Shular has spent the last few years photographing protests around the country—from Ferguson to the 2016 presidential campaign to more recent events in Charlottesville and elsewhere. Because his images are so newsworthy they spread fast, far and wide—for better or worse.
"I do watermark my images now," he says, "but I avoided it for a long time because I think they look bad. I started doing it last year after more of my pictures were being stolen than normal, but it hasn't had much of an effect on how many of my pictures get stolen. Sometimes they just put up the whole picture and some sites will crop out my watermark. My hope is that at least a few people will see the source of where the photos are coming from to get a better idea of what actually happened. With my phone, I've started using an app called Taggly that will watermark my photos and videos for social media since a lot of my tweets end up in articles."
This type of watermark is less controversial as its primary purpose is to assist clients. These watermarks may provide instructions about proofs, for instance, or about information contained in a layered image file. Most commonly are "FPO: For Position Only" type watermarks that let clients know the images they're looking at are not high-resolution, not ready for publication. Because assignment photographers often deliver low-resolution proofs from a photo shoot in order for the client to decide on the images they would like to ultimately publish, many shooters can tell tales of clients who didn't understand that the low resolution proofs were just that and they took the proof and published it. Instead, a watermark such as "FPO" or "Proof" can help guide customers that these images are not yet ready for publication—either low resolution or simply unfinished. This not only benefits the photographer by keeping unrefined work out of the market, but it also benefits the client by ensuring they receive the high quality image files they're paying for.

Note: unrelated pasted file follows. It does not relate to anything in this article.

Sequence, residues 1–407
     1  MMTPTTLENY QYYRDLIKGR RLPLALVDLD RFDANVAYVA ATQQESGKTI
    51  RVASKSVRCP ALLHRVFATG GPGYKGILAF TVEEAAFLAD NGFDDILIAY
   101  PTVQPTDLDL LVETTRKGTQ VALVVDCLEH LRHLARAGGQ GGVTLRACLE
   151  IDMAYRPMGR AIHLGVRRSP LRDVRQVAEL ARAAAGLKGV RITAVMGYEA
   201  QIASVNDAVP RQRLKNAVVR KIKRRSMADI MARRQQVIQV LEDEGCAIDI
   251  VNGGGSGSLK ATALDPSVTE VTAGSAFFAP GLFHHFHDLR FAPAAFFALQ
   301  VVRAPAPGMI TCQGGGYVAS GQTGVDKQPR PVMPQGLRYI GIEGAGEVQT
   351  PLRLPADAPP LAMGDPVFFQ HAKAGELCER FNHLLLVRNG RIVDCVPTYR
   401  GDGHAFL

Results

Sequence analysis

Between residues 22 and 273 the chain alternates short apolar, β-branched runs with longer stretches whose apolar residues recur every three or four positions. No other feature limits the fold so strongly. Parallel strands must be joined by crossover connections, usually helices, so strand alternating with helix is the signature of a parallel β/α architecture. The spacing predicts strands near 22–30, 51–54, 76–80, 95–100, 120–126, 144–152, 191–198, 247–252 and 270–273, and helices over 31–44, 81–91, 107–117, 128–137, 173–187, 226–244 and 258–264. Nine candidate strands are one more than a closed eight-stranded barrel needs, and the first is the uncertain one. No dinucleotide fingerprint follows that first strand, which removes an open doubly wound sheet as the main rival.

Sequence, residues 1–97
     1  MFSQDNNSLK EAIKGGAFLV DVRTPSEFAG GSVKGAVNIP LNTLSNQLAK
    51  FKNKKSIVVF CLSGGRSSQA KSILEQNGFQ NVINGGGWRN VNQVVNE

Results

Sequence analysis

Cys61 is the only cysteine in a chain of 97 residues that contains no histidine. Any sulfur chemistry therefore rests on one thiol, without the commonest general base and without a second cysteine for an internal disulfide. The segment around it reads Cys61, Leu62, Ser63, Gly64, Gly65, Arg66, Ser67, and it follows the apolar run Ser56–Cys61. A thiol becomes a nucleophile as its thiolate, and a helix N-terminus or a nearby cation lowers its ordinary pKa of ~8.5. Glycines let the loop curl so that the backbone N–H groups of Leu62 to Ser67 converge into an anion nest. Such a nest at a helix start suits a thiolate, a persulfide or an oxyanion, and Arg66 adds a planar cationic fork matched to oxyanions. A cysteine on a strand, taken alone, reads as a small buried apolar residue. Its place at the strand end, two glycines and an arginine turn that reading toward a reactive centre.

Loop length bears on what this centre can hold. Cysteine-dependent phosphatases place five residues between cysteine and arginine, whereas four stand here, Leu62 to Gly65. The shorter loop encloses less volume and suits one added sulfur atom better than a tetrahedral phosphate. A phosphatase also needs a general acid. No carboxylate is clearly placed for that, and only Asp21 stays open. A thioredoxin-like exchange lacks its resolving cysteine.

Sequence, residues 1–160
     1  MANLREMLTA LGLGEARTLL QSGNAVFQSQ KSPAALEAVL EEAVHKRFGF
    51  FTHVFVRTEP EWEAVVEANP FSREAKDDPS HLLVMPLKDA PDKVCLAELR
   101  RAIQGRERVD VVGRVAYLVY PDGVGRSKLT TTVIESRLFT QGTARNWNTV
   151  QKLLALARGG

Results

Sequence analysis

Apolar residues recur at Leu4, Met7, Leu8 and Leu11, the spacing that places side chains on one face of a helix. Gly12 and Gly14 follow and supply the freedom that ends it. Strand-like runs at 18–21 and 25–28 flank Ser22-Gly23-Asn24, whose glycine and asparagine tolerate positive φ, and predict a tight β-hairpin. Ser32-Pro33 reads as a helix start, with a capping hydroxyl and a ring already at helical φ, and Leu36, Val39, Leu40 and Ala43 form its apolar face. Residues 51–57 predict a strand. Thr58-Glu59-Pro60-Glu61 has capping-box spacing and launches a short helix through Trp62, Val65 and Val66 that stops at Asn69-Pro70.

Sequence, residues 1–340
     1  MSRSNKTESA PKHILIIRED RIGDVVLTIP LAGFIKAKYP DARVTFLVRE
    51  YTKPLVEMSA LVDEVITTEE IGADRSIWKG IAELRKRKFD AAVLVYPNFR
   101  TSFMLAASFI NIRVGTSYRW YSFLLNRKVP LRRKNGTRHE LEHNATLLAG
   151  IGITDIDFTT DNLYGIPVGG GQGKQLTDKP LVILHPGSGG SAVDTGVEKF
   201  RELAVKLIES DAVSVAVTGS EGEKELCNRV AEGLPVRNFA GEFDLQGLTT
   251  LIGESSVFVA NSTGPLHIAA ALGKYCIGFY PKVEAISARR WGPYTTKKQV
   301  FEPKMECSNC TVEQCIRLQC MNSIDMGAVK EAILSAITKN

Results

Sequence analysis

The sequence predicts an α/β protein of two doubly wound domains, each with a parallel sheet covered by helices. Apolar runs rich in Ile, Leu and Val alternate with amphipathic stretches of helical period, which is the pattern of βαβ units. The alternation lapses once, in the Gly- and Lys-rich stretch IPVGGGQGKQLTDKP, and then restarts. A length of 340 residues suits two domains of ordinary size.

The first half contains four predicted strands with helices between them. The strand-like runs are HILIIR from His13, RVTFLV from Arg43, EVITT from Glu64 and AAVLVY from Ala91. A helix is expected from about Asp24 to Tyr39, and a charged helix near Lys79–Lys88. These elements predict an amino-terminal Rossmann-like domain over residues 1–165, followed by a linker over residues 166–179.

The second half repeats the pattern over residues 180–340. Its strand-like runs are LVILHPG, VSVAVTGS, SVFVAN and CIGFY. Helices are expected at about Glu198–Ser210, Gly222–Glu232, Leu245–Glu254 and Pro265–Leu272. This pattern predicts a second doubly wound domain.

Some photographers, quite naturally, feel like any graphic or text on their image sullies the beauty of the photograph. If it weren't for this, every photographer would brand their images with a watermark. If it makes an image appear unappealing, though, and it turns off the potential client or art buyer who has finally happened upon your work, is a watermark worth it? One solution some photographers use for this very reason is a small, text-based credit in one corner of the image. It doesn't obscure the primary image area, but it still maintains many of the other benefits of watermarking. In general this problem can be addressed by hiring a designer to help develop a logo and branding you'll be happy to affix to your image. Or you can use a service called Photologo which for $39.99 will make a custom signature-style watermark in as little as 24 hours.